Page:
VAN SUSTEREN: Now, you are running for governor. Do you have any sort of sense -- I know it is neck-and-neck in the polls that I've seen, that you and Congressman Hoekstra are close in these polls running in the primary.

Do you have any idea -- is there a decision in part political? Are the people of Michigan behind you on this one or against you?

COX: Well, Greta, like "USA Today" indicated, the people of mission, I think are behind me, as it were.

But more importantly, I think I would have made in decision two years ago or three years ago. The reality is Harry Reid is running for office this year. Nancy Pelosi is running for office this year. All 435 folks in Congress are running for office this year.

Philosophically and constitutionally, most importantly, as I said before, never before, in fact one of your colleagues at Georgetown Law School, Professor Barnett is supporting our position that never before Congress been allowed to do what they did here.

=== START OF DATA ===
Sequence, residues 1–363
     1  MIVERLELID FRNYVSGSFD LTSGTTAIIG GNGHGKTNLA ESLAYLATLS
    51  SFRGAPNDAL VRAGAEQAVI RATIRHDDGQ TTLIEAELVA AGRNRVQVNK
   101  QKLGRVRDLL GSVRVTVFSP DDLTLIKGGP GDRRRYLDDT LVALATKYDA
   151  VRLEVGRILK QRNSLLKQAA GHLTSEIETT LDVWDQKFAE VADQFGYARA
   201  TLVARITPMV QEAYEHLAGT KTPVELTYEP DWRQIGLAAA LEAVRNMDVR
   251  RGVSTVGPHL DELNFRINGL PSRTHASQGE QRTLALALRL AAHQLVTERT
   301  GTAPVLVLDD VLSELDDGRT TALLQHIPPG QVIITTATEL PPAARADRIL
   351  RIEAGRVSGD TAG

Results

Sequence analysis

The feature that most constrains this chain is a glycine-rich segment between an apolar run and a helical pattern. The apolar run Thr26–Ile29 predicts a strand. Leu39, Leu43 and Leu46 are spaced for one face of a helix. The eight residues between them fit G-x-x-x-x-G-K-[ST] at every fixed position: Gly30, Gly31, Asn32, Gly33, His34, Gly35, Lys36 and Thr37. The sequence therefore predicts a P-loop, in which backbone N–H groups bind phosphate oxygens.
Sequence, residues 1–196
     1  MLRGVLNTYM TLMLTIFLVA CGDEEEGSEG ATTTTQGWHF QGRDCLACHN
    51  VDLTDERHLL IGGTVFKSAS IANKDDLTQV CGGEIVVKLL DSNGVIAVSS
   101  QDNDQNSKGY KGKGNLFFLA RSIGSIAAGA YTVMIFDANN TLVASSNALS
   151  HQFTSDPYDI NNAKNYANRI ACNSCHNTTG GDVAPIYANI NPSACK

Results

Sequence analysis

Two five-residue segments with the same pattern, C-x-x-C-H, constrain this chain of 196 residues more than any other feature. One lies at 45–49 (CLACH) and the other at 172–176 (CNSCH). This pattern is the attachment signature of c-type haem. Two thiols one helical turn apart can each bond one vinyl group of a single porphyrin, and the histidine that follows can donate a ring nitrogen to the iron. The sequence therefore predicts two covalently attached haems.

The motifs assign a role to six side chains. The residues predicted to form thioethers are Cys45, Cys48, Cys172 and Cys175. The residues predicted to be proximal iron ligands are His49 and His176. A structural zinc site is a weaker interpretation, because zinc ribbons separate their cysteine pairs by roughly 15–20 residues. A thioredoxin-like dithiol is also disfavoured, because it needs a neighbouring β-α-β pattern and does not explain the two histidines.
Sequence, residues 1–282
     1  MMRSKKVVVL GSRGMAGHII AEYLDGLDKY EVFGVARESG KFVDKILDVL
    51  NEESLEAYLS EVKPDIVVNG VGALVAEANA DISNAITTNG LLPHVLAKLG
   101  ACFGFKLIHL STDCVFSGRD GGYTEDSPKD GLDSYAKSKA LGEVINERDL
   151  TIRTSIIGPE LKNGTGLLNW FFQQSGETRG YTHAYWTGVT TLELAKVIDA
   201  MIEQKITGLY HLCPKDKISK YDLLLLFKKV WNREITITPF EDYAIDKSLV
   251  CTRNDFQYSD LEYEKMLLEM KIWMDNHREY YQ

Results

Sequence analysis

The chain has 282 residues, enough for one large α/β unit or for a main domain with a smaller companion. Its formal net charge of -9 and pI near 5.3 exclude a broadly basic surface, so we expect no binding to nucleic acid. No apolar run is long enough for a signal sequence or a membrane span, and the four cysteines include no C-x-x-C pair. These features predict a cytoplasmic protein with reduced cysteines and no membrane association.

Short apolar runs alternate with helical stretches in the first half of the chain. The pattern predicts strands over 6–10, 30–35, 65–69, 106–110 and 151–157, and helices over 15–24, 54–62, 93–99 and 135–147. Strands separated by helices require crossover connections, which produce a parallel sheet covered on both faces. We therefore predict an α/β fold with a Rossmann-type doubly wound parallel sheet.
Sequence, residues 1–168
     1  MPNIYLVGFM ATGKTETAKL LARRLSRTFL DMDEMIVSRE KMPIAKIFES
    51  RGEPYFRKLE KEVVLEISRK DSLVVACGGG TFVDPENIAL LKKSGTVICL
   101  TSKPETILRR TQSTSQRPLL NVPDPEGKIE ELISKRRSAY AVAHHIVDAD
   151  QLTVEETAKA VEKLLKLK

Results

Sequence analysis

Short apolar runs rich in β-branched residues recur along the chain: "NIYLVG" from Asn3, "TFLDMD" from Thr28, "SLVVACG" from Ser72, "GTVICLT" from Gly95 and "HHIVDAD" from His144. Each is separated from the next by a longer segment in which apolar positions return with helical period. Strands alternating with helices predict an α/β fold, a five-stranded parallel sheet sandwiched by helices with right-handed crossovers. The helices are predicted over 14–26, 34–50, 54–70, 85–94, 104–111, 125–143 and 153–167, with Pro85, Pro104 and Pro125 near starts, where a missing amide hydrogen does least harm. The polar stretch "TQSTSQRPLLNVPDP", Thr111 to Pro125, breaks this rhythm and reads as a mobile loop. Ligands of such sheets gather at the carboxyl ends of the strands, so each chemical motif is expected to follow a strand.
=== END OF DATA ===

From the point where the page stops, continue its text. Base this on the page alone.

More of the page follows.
VAN SUSTEREN: And what we're talking about is whether the mandate itself, ordering people to buy health insurance is unconstitutional.

Have you yet done the research? Let's say hypothetically that you win on that argument, that the mandate is determined to be unconstitutional, that provision. Does that undermine the entire health care bill or just the mandate?

COX: Well, Greta, I suspect the federal legislation has a severability clause, which is often the case, where if one part is struck down the rest of the legislation continues on.

In terms of funding, I haven't seen the numbers, the internal numbers that the Obama administration has, but I expect this was part of the funding mechanism. As Speaker Gingrich went over, there's some funky accounting here, some cooked books that the Obama administration used to push this through.

But I expect that they are counting on the mandate to help provide some of the revenue that they need to make their numbers to the extent that they do work, work.

VAN SUSTEREN: All right, attorney general, thank you, sir, and we'll be watching. Thank you, sir.

COX: Thank you, Greta.